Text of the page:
The more simple version  is to visualise that your body is like a generator of Divine light. You visualise that from you body comes the spiritual thoughts always from the spiritual Heart. Here they grow up raise up through the top of the head. Here they spread out to cosmos to the help, delight and happiness of humanity. And whithin you spiritual heart you find Atma your Divine spark, your real YOU. You are ParaBrahman within. - The thoughts generate spiritual light which you visualise and from your spiritual Heart spiritual light spreads out and fills you body and your body becomes as if it is spiritual Divine light it self. Just fill it in and keep filling it in. ANd then you let your body of spiritual Light radiate this light out to the surroundings from your bodys aura. The body radiates peace. It radiates bliss. It radiate heartflow and seek to be of service. 

As Blavatsky said in the quote given by D. Caldwell:
"Therefore, he would do better far to
remember that every man has a god within, a direct ray from the
Absolute, the celestial ray from the One; that he has his " god "
within, not outside of, himself." (Collected Writings volume 10, page

We just do not talk about an external Deity or a dualistic Deity. And not a Deity, which are being confused with the Christian nightmare of a Teological dualistic MALE Deity named "God". We always refuse to overemphasize such a Deity. The fact that some theosophical writers do this are maybe because they will more easily sell their books. But it is a watering down of the theosophical teaching, and therefore to a certain degree unacceptable, even if the author is a wellmeaning one.
That is a difference.

Blavatsky said:
"Too many already wear their faith, truly, as Shakespeare puts it, "but as the fashion of his hat," ever changing "with the next block." Moreover, the very raison d'être of the Theosophical Society was, from its beginning, to utter a loud protest and lead an open warfare against dogma or any belief based upon blind faith."

But the fact is, that some theosophist disagree upon this, because they like the Bible and the Jesuits more than the Esoteric theosophical teachings given by H. P. Blavatsky and the Masters. They have not yet become real theosophists. :-)

M. Sufilight

  ----- Original Message -----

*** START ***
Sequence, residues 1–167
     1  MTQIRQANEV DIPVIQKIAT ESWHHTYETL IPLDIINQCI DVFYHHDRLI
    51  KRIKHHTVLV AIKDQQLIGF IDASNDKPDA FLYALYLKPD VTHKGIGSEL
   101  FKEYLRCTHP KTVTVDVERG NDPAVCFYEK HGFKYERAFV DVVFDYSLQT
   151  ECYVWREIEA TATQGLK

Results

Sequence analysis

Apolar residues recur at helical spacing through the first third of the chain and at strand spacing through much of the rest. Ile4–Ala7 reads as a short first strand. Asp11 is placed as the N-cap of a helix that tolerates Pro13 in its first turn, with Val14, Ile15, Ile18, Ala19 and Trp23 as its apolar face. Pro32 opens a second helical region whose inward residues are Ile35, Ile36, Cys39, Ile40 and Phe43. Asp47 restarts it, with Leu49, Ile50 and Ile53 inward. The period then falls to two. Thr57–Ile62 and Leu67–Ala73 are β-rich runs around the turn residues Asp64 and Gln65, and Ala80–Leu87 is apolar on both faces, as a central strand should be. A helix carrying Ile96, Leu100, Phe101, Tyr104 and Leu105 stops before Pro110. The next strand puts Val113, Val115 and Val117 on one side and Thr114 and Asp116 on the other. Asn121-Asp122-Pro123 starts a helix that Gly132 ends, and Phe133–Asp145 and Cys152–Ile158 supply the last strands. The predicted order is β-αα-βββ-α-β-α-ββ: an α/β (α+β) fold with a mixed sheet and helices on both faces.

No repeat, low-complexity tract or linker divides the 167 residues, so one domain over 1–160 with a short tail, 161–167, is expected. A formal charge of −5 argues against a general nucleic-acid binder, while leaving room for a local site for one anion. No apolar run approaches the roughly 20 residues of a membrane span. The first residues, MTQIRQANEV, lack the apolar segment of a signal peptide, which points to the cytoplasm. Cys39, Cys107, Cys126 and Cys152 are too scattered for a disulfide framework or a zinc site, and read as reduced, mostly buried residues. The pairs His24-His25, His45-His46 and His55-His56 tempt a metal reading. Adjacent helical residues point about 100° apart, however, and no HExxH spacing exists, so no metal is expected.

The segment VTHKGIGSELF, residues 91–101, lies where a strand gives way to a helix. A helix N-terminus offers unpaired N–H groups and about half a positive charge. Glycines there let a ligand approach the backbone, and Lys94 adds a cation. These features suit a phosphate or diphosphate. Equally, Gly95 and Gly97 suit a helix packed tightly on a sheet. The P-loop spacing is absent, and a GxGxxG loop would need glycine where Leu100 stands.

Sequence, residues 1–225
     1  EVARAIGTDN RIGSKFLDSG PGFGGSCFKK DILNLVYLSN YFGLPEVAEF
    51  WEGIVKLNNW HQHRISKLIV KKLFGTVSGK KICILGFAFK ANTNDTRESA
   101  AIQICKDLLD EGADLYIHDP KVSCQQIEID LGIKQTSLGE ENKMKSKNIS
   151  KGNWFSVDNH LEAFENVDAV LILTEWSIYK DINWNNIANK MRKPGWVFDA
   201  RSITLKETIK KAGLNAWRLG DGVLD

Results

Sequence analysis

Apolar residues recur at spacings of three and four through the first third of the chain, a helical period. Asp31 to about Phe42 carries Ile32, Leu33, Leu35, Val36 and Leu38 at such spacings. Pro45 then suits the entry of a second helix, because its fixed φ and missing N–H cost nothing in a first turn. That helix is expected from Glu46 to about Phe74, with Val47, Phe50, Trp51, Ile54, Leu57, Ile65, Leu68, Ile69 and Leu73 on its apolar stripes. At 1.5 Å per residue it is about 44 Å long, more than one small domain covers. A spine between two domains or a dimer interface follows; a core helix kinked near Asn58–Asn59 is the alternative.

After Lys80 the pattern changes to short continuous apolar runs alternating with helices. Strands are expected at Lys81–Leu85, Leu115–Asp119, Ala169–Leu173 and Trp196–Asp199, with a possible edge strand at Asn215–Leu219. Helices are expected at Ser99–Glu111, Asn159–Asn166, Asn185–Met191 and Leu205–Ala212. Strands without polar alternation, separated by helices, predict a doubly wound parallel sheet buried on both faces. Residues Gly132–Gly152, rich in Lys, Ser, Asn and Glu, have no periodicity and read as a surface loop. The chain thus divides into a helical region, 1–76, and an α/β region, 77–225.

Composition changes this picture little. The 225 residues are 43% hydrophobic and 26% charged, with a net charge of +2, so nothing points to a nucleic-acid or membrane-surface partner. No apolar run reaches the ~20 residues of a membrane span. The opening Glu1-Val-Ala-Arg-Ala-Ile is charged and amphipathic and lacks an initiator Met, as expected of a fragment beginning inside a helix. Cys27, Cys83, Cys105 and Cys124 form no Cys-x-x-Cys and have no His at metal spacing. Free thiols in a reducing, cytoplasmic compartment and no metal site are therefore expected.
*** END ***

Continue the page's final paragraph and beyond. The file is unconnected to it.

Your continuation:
From: Anand 
  Sent: Sunday, August 03, 2008 10:04 AM
  Subject: Theos-World Re: 4 Questions between Anand and Daniel

  --- In, "Morten Nymann Olesen"
  <global-theosophy@...> wrote:
  > Dear readers
  > My views are:
  > If I may?
  > We find that the deity in The Bhagavad Gita is a quite different one
  than the Christians and the Jews use. The deity is in fact a
  non-dualistic one.
  > Bhagavad Gita says chapter viii, v. 16-22:
  > "The worlds, Arjuna!- even Brahma's world-
  > Roll back again from Death to Life's unrest;
  > But they, O Kunti's Son! that reach to Me,
  > Taste birth no more. If ye know Brahma's Day
  > Which is a thousand Yugas; if ye know
  > The thousand Yugas making Brahma's Night,
  > Then know ye Day and Night as He doth know!
  > When that vast Dawn doth break, th' Invisible
  > Is brought anew into the Visible;
  > When that deep Night doth darken, all which is
  > Fades back again to Him Who sent it forth;
  > Yea! this vast company of living things-
  > Again and yet again produced- expires
  > At Brahma's Nightfall; and, at Brahma's Dawn,
  > Riseth, without its will, to life new-born.
  > But- higher, deeper, innermost- abides
  > Another Life, not like the life of sense,
  > Escaping sight, unchanging. This endures
  > When all created things have passed away;
  > This is that Life named the Unmanifest,
  > The Infinite! the All! the Uttermost.
  > Thither arriving none return. That Life
  > Is Mine, and I am there! And, Prince! by faith
  > Which wanders not, there is a way to come
  > Thither. I, the PURUSHA, I Who spread
  > The Universe around me- in Whom dwell
  > All living Things- may so be reached and seen!"
  > So the devotion in the Bhagavad Gita is happening through the
  Unmanifest or non-Atma, -
  > or what we call ParaBrahman or Not this, Not that.

  But the problem is Blavatsky rejects devotion to even Absolute. If you
  read quotations of Blavatsky given earlier by anandam, you find that
  Blavatsky says it is impossible to worship or pray to Absolute. This
  position is against Krishna's path of devotion.
  Anand Gholap